The electoral scene in Telangana, where chief minister K Chandrashekhar Rao, who heads the Telangana Rashtra Samiti (TRS), dissolved the assembly a couple of months ago, could also swing in favour of the Congress which has allied itself with N Chandrababu Naidu’s Telugu Desam Party (TDP) which was till recently a constituent of the BJP-led NDA. Most polls, but especially the survey conducted by C-Voter, have predicted the Congress-TDP alliance has a better opportunity to wrest political control of the state with a 33.9 percent projected vote share as against 29.4 percent for the TRS and 13.5 percent for the BJP. However, the equation could change in the event of a pre-poll alliance between the TRS and he BJP.
The results of the poll surveys so far should be cause for alarm for the BJP not only in the Hindi heartland states of MP, Rajasthan and Chhattisgarh but also nationally in 2019 when the Indian general elections will be held. The run-up to the Lok Sabha elections next year will be the first occasion when most Indian voters are expected to take a view on some of the Modi government’s controversial decisions such as demonetisation, the poor implementation of the Goods and Service Tax (GST) regime, a seeming reticence to fight corruption, especially bringing to book some big-time bank loan defaulters, the murky Rafale fighter aircraft deal and sundry other anti-Muslim and pro-Hindutva actions and rhetoric of the BJP.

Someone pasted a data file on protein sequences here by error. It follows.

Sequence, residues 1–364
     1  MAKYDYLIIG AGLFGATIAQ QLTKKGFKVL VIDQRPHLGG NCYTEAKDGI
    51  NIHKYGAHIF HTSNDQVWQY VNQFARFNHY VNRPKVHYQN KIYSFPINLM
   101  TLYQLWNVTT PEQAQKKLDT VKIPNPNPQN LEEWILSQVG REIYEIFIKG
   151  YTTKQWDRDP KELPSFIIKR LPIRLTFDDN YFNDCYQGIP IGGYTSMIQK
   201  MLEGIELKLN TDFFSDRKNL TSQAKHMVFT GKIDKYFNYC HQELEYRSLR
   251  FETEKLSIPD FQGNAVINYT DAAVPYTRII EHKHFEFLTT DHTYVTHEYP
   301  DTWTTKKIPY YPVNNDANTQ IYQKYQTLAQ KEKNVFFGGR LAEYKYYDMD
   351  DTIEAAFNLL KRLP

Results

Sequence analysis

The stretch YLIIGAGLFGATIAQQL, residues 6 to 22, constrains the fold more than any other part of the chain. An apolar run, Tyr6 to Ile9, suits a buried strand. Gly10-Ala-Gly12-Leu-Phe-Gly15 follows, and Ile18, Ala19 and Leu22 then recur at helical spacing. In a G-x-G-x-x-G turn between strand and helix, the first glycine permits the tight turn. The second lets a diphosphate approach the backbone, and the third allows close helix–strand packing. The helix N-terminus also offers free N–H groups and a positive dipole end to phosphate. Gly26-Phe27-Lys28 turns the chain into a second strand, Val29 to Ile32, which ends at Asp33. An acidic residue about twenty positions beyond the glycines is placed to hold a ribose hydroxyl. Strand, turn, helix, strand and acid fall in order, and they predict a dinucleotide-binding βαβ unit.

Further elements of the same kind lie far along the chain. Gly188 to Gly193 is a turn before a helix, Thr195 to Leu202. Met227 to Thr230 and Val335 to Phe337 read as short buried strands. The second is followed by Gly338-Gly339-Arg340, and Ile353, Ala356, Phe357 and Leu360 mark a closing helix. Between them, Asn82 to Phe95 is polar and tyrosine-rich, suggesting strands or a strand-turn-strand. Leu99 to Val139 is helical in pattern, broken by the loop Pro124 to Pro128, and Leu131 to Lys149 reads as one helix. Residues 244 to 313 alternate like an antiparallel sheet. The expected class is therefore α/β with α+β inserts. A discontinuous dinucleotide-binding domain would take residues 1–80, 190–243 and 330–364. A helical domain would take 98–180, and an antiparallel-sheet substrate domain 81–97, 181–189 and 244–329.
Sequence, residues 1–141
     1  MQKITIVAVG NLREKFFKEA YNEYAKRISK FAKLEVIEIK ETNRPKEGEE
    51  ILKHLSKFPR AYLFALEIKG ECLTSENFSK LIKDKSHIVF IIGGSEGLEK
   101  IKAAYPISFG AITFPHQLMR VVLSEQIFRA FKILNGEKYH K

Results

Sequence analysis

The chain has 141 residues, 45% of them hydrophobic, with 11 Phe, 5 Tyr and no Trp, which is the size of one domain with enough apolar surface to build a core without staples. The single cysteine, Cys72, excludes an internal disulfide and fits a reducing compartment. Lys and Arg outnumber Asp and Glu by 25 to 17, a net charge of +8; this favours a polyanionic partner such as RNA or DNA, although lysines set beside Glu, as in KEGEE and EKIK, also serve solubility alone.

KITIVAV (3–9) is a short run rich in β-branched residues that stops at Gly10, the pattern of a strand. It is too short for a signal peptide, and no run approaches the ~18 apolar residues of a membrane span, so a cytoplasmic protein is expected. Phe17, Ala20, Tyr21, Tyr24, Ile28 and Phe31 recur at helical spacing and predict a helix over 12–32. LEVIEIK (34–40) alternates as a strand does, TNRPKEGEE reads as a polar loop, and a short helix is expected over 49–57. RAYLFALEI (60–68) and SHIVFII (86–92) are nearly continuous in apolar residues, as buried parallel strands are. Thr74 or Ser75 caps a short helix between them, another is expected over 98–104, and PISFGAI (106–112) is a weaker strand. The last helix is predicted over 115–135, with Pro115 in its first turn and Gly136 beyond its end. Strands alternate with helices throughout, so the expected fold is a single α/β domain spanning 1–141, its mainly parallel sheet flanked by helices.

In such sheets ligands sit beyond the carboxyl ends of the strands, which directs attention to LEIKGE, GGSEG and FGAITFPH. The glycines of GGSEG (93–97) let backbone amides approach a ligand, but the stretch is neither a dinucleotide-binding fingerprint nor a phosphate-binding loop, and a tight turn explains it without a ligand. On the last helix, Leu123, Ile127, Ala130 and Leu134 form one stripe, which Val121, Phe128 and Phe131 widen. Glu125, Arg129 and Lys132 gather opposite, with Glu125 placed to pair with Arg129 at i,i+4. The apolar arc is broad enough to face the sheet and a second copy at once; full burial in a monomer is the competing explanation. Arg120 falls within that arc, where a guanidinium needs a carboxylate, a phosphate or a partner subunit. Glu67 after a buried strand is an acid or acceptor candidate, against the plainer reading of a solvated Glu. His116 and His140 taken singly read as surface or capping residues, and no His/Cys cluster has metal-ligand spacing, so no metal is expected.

What is still not clear, however, is how far the opposition will go to deepen unity. The six months left before the Lok Sabha polls will be a testing time for not only Congress president Rahul Gandhi but also how adroitly the party is able to stitch together electoral alliances across various states, particularly in north India, with other key parties such the Mamata Banerjee-led Trinamool Congress, the BSP and the Akhilesh Yadav-headed Samajwadi Party.